Here’s an example from my own days of practicing law. I represented a corporate client that was owed money by another small, closely held corporation. We brought suit and obtained a judgment for several thousand dollars. But before we could collect on the judgment, the corporate defendant closed its doors and went out of business, apparently having no assets, which would make collecting on the judgment difficult, if not impossible. My client knew where the defendant banked, and so we served a subpoena with restraining order on the bank. Not surprisingly, the debtor corporation’s accounts had been cleared out, so there was nothing to collect on there. But curious thing; the corporation had maintained a safe deposit box at the bank, which was held in the corporate name. I therefore prepared a petition asking the Court to have the bank turn over the box’s contents to my clients to satisfy the debt, and served it on the defendant’s attorney, who immediately called me in a panic. It seems the defendant corporation’s owner/stockholder had kept his very valuable coin collection in the safe deposit box. The attorney assured me that the coin collection was owned by the owner/stockholder personally, and so should not be subject to collection for the corporation’s debt. Ah, but the box was in the corporation’s name, and by putting his personal asset in a corporate-designated account (in this case the safe deposit box), the owner had co-mingled personal and corporate assets, which effectively removed the distinction between the corporation and the owner. To maintain separate identities for the owner/stockholder and the corporation (the aforementioned corporate veil) you must keep strict separation between the entities. So even though the coin collection was owned by the corporation’s stockholder as a personal (not corporate) asset, I could still take possession of it to satisfy the corporation’s debt owed to my client, because by co-mingling assets in one safe deposit box, the corporation and its owner/stockholder had failed to maintain their separate identities. As the coin collection was worth much more than the judgment, the owner agreed to pay the entire judgment amount.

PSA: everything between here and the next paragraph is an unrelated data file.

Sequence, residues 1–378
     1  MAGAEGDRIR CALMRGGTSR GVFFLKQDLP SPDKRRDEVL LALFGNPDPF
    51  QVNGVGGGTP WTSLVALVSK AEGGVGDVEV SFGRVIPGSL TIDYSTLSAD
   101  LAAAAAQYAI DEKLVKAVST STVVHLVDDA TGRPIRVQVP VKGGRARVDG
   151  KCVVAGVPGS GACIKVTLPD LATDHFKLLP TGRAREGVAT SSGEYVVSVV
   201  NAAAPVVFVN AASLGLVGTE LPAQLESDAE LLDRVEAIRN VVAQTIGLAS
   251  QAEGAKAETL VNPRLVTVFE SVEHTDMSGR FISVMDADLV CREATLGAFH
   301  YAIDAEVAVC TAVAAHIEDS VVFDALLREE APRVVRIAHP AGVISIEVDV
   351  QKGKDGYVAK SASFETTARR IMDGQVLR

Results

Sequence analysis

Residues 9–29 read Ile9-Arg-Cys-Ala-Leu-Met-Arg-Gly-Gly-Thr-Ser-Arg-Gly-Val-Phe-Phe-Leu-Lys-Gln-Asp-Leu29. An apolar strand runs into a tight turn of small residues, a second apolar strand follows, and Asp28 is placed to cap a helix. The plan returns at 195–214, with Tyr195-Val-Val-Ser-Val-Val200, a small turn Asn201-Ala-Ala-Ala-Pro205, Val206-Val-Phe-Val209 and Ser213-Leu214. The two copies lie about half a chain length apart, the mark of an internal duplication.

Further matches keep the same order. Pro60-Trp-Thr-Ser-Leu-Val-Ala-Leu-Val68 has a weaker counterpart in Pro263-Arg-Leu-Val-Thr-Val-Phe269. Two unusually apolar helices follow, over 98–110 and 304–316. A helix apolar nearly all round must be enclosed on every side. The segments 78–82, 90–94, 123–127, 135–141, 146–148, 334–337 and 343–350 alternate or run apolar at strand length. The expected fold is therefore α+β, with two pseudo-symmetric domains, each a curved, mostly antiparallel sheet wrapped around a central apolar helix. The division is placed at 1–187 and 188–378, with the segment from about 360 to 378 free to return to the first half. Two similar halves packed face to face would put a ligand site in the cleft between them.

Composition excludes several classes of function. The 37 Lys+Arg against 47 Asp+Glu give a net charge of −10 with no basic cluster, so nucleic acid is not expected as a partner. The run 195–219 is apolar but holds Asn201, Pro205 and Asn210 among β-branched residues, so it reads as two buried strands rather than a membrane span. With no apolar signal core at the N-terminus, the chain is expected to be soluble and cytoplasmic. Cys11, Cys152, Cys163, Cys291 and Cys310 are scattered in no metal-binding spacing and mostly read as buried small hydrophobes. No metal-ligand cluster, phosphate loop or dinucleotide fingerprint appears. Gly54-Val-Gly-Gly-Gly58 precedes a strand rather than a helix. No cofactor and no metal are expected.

Back to Hobby Lobby; the Supreme Court has ruled, in essence, that the Hobby Lobby corporation is deemed to have the religious convictions of the corporation’s stockholders, the Green family. But wait a minute: Hobby Lobby is a corporation that operates stores that sell hobby supplies to the general public. Its corporate activities have no connection to religion. Thus the corporation has no religious interests; it is not a church or other house of worship, nor a religious school or hospital. It is not even a store that sells primarily religiously-oriented goods; it is a hobby supply store. So the only way that you can deem the Hobby Lobby corporation to have any religious interests at all is to impute the religious beliefs of its owners to the corporation itself. But if that’s the case, where is the total and complete separation of the corporate entity and its stockholders that the corporate veil requires? It no longer exists, and so applying the legal logic of years of precedent, the corporate veil is pierced and the Green family’s personal assets become open to collection from any judgment against the Hobby Lobby corporation. This is not, I believe, what the Supreme Court intended, no less the Green family and their attorneys. If closely held corporations are deemed to have the religious (or any other) beliefs of their stockholders, then they lose their separate identities. The corporate veil is pierced, and all stockholders of closely held corporations forfeit the protection of their personal assets that was the reason they formed their corporations in the first place. Legal chaos would ensue, of course, but this is the logical conclusion that flows from the Court’s Hobby Lobby reasoning. It is disconcerting, if not downright weird, that the only lawyers in the country who seem to be blissfully unaware of the potential corporate catastrophe flowing from the rationale of the Hobby Lobby decision are named Roberts, Alito, Scalia, Thomas and Kennedy.